What is the place of women in the Nigerian film industry? How much has the industry helped in the empowerment of the womenfolk? Is it that the women have been portrayed in a bad light or that, they are made to be victims of systematic discrimination and stereotypes in Nollywood?
These are some of the questions, Dr. Akin Alao of the History Department, Obafemi Awolowo University, Ile Ife, attempted to answer last week, while delivering a position paper at the just concluded 5th edition of the Festival of Indigenous African Language Films,(FIAF), held in Akure, the capital city of Ondo State.
His paper titled “Women Empowerment in Nigerian Film industry”, basically attempted to redefine the place of women in the nation’s movie industry. He acknowledged the fact that the film industry performs dual functions as it concerns the image of women. First, the industry mirrors the society as it is, showing the sex role division and secondly, reflects the roles which are believed to be appropriate for women.
For the university don, taking a holistic look at the industry, admitted that the Nigerian film industry has been reinforcing the social reality of stereotyping women, which he blamed on the media.
According to him, this stereotypical depiction of women in the media is a common phenomenon in Nigeria and such that reinforces dis-empowerment status in the society.
Alao, therefore advocated the need for the film industry to activate a considerable amount of attitudinal change favourable to women by attempting to set agenda or new roles women for women in other for them to effectively play their part in the twenty first century development agenda.
While calling for a greater valuation and esteem for the female gender, the lecturer stressed the need for women to move from just being actresses to moving into the more technical areas of film making which include; directing and production among other things.
“This is what communication scholars refers to as Agenda setting function of the media. The whole idea of agenda setting in the media centres on media directing the opinion of the public along the socially accepted or approved lines. Since the 1975 UN conference on women, the world has come to recognise officially women as vital development partners in the world economy.”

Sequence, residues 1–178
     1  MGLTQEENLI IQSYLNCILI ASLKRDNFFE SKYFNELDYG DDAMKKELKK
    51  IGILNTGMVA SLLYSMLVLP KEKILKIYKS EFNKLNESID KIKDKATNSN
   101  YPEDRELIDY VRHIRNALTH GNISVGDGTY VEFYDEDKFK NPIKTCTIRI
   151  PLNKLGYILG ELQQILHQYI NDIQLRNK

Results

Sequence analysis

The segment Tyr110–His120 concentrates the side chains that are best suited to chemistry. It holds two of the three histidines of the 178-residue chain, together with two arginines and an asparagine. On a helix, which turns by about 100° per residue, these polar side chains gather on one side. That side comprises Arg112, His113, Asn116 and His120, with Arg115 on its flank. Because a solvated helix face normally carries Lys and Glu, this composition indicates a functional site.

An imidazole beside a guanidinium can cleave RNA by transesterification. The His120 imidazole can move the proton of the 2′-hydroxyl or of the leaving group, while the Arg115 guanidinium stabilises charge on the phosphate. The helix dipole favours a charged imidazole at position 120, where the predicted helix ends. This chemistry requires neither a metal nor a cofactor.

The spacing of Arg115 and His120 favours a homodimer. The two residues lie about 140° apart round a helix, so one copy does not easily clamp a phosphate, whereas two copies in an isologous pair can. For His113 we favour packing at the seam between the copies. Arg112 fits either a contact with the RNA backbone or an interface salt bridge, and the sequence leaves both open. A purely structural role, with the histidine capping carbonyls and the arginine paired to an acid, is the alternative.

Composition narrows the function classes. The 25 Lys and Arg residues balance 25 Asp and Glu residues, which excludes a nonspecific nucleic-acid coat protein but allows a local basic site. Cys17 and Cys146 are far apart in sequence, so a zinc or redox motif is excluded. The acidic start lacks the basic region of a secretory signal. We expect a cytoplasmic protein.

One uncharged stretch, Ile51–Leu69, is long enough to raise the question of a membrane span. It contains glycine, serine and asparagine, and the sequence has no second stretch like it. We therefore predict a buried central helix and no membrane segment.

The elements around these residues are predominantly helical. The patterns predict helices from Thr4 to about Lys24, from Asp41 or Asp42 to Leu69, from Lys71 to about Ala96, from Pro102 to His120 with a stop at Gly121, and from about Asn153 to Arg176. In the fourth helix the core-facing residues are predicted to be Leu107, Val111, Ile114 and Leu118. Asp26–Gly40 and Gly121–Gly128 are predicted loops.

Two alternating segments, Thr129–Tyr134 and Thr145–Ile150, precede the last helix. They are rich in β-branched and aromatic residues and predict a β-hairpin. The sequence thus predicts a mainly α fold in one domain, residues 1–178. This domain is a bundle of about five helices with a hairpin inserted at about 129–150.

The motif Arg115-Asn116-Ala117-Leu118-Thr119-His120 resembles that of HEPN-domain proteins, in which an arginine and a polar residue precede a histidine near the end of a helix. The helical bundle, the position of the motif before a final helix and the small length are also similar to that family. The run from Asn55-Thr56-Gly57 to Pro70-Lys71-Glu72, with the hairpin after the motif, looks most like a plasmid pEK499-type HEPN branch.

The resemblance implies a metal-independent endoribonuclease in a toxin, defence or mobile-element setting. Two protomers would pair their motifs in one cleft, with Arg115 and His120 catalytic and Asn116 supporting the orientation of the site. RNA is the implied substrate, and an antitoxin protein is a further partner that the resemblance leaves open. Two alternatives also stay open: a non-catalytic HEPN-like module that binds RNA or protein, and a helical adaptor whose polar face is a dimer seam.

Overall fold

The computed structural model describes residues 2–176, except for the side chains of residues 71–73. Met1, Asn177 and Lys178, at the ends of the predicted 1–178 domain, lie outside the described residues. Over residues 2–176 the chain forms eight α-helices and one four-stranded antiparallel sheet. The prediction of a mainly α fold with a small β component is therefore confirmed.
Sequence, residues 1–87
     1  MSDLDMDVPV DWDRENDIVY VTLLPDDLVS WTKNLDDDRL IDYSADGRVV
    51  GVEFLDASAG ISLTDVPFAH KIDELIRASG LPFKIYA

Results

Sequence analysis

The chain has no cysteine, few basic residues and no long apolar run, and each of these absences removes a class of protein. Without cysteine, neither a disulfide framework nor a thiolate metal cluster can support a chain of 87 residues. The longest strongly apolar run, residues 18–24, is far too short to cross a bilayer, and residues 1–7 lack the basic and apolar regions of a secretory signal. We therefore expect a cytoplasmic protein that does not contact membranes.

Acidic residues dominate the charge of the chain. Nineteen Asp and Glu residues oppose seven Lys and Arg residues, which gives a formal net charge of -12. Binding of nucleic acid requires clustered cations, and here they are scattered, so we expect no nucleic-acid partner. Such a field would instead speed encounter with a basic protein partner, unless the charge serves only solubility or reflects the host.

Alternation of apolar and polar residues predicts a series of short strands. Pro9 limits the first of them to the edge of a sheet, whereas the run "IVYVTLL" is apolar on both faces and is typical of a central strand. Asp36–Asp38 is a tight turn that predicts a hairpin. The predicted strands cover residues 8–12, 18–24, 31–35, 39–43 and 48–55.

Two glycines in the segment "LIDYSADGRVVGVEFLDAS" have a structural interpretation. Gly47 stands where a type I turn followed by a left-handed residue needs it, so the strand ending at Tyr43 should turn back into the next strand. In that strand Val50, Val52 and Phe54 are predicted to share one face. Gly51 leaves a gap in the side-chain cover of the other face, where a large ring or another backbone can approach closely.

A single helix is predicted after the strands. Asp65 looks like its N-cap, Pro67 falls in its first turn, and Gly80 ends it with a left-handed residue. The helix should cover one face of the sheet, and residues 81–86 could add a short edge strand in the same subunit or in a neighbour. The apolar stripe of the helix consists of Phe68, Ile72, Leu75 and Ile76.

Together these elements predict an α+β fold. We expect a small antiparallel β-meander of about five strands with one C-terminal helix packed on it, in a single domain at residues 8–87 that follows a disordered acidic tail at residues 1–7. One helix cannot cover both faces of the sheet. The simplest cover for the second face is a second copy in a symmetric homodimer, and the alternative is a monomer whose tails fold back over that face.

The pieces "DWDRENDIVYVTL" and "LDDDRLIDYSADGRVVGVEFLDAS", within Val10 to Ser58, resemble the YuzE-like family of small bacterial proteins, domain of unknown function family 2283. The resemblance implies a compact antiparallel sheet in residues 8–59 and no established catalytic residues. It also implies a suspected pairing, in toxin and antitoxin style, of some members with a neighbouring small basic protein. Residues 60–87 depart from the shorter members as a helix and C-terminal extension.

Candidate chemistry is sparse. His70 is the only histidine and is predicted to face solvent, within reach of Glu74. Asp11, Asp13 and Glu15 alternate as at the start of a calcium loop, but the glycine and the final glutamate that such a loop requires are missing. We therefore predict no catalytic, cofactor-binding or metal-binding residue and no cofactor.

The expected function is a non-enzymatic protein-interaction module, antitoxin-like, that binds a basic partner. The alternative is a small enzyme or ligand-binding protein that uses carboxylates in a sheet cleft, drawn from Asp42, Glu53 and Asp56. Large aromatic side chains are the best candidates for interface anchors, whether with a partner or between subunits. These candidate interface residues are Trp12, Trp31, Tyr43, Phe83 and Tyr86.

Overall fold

“That a woman could occupy central role in development agenda has been accepted at least on paper. Using the film industry, we could promote this expected role of our women until we achieve the set objective for women empowerment in our society.”he argued.
Continuing he added that “Since the whole concept of empowerment is dependent upon self-actualisation and confidence to independently take decisions without recourse to men as masters, if women are portrayed in a new light through home videos. It would have a profound implication for their status in society.”
‘In his own paper,Professor Onookome Okome of the Department of English and Film Studies, University of Alberta, Edmonton, Canada, who delivered the guest lecture, reinforced the need to pay more attention to the context and content of film practice in contemporary Nigeria.
In his lecture titled “Language and Indigeneity in Nigerian Cinema”, Okome drew attention to the need to properly interrogate the phenomenon of “culture” with a view to coming to terms with its complexity, dynamism and pluralism especially when viewed against the backdrop of its enduring manifestations in Nigerian Cinema.
He also called for attention on the role of the travelling theatre tradition, the celluloid films and tele-drama for the development of contemporary Nigerian video film industry. Regardless of the language of its expression and cultural background, Nigerian films,he argued, have contributed remarkably to the world cinema and the economy of Nigeria and perception of Nigeria by the outside world. There is, therefore, the need to build upon this success and address various challenges in the industry, some of which came to the fore during the question and answer session.
The Festival, which ran from October 2nd through 5th, was declared open by Dr Olusegun Mimiko, the Executive Governor of Ondo State, accompanied by his wife, Mrs Olukemi Mimiko, and members of his Cabinet.
In his remarks, Mimiko noted that the film medium is a key propagator of indigenous languages and cultural values which needs to be cultivated towards achieving meaningful development.
According to him, for development to be meaningful and sustainable, it needs to be grafted upon cultural values of the people, drawing examples from Asian countries like Malaysia, Japan, Korea and Singapore. Such values include honesty, hard work, unity and a sense of the community as against individualism being glorified by liberalisation and globalisation.